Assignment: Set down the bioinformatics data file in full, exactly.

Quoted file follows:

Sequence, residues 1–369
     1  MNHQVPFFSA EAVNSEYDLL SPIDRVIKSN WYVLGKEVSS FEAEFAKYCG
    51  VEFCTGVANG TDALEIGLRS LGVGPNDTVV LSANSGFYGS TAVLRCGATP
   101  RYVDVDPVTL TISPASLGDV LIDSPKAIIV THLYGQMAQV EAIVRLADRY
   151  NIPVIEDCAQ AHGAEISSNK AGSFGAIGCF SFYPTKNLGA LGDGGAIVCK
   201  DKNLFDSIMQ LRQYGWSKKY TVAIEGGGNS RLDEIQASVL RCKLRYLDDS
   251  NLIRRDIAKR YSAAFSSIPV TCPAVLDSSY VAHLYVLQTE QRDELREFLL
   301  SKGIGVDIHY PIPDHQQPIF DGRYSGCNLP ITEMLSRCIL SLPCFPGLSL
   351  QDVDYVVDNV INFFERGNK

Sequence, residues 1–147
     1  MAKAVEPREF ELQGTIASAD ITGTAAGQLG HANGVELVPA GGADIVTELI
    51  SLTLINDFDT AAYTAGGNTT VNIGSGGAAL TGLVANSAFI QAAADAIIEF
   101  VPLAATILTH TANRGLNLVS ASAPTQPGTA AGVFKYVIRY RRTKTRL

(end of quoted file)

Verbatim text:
Sequence, residues 1–369
     1  MNHQVPFFSA EAVNSEYDLL SPIDRVIKSN WYVLGKEVSS FEAEFAKYCG
    51  VEFCTGVANG TDALEIGLRS LGVGPNDTVV LSANSGFYGS TAVLRCGATP
   101  RYVDVDPVTL TISPASLGDV LIDSPKAIIV THLYGQMAQV EAIVRLADRY
   151  NIPVIEDCAQ AHGAEISSNK AGSFGAIGCF SFYPTKNLGA LGDGGAIVCK
   201  DKNLFDSIMQ LRQYGWSKKY TVAIEGGGNS RLDEIQASVL RCKLRYLDDS
   251  NLIRRDIAKR YSAAFSSIPV TCPAVLDSSY VAHLYVLQTE QRDELREFLL
   301  SKGIGVDIHY PIPDHQQPIF DGRYSGCNLP ITEMLSRCIL SLPCFPGLSL
   351  QDVDYVVDNV INFFERGNK

Sequence, residues 1–147
     1  MAKAVEPREF ELQGTIASAD ITGTAAGQLG HANGVELVPA GGADIVTELI
    51  SLTLINDFDT AAYTAGGNTT VNIGSGGAAL TGLVANSAFI QAAADAIIEF
   101  VPLAATILTH TANRGLNLVS ASAPTQPGTA AGVFKYVIRY RRTKTRL